While online templates are available, it’s wise to consult an attorney, especially for multi-member LLCs. This ensures member rights and interests are protected and that the document complies with state laws. Legal guidance is valuable in creating a robust agreement that safeguards your business and its members.
6. Get an Employer Identification Number (EIN)
EIN is a unique nine-digit tax number that the IRS assigns to organizations operating in the United States. It serves several tax-related purposes, including federal tax filings, hiring, banking, and permits.
Having an EIN ensures your business’s compliance with tax regulations. It’s a vital identifier that helps separate your personal and business financial matters. To get an EIN, you can apply online for free, and you will immediately receive one. However, some states may require a state-specific EIN, so check with your state’s revenue agency.
7. Obtain Required Permits and Licenses
Obtaining the necessary state and local permits and licenses is a critical step in ensuring your mobile business operates legally and complies with local regulations.
Here is how you can do that:
- Research the specific permits and licenses required for your mobile business on government websites.
- Identify various permit types, including business registration, health, etc.
- Start the application process in advance to avoid delays in your business launch. Follow each permit’s unique application process, requirements, and fees diligently.
- Maintain compliance with local regulations and renew permits on time to avoid fines. Be aware that requirements can vary from one place to another, so check local regulations.
- Seek legal or business development guidance if you are unsure about requirements or applications.
8. Elect a Tax Status
Selecting the appropriate tax status for your LLC is essential for managing your LLC’s tax liability and complying with tax regulations. This is the last step in learning how to start an LLC for your mobile business, but it might be a little complex, as taxes usually are. Thus, consulting with a tax professional will help you make the best choice for your business.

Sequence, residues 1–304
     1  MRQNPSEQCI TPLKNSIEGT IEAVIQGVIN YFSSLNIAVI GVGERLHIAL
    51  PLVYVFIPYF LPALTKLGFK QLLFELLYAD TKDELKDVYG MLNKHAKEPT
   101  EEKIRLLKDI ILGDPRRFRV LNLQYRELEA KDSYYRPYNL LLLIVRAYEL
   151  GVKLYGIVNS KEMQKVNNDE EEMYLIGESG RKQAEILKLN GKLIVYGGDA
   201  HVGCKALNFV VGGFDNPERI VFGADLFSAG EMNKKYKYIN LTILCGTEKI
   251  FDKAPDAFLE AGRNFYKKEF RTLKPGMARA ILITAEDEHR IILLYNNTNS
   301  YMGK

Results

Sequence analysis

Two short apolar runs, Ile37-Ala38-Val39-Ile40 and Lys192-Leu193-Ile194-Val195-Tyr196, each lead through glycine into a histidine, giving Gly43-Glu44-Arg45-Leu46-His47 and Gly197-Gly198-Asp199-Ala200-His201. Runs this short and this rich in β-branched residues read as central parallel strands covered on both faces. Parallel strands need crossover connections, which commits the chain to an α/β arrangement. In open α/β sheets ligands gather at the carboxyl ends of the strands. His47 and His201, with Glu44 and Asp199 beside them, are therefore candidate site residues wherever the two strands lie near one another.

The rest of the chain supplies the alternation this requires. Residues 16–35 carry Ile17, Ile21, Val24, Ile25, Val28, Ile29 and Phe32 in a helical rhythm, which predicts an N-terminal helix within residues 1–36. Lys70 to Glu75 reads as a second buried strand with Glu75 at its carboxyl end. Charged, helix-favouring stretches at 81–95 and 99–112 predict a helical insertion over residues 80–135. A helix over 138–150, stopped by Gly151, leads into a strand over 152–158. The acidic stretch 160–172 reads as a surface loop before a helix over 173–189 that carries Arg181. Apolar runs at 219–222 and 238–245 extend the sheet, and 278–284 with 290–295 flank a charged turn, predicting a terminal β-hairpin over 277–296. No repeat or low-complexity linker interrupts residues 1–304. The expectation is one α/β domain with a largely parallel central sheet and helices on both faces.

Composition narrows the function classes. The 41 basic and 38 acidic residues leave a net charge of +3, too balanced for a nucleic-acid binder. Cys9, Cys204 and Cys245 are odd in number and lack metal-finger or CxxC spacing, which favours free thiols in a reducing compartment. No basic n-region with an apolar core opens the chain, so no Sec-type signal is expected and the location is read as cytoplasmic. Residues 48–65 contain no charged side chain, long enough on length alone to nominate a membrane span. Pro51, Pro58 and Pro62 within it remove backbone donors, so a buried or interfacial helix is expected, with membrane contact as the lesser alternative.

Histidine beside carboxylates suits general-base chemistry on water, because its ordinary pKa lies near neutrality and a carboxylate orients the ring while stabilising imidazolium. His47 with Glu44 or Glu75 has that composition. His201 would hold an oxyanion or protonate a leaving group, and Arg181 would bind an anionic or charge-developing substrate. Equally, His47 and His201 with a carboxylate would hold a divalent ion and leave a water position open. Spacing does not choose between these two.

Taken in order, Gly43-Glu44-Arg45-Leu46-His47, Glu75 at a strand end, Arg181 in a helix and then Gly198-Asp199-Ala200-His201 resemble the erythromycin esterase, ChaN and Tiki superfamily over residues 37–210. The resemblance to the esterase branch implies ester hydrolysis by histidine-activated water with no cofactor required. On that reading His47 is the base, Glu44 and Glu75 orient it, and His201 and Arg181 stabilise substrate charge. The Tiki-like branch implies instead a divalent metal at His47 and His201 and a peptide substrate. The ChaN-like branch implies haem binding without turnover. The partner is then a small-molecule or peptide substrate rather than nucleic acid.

Here is everything you must know:
#1: Default Tax Status
- If you don’t elect a tax status, the state will treat a single-member LLC as a sole proprietorship and a multi-member LLC as a partnership.
- The state will not tax the LLC. Instead, it will tax the members of the LLC. It means profits pass through to the members, and members pay self-employment taxes on their share of profits.
#2: Electing S-Corporation (S-Corp) Status
- If an LLC elects the S-Corp status by filing Form 2553 with the IRS, then the state will tax the LLC and not the members.
- First, the managing members must pay themselves a reasonable salary, and they will have to pay taxes on this amount they receive as salary.
- Then, they can share the remaining profits after paying all salaries. Now, they don’t have to pay taxes on these distributed profits, leading to tax savings.
- The decision between default status and S-Corp status is complex and depends on factors like your business income and the administrative costs of payroll.
- The potential tax savings with S-Corp status often become significant as the business income grows.
- Given the complexities involved, it’s highly recommended to consult with a tax adviser or accountant to make an informed decision.
Forming an LLC takes some time and effort, but it’s worthwhile because of the many benefits of an LLC, particularly personal liability protection. Don’t skip any of the steps on how to start an LLC for your mobile business so that your mobile business has the best chance of success.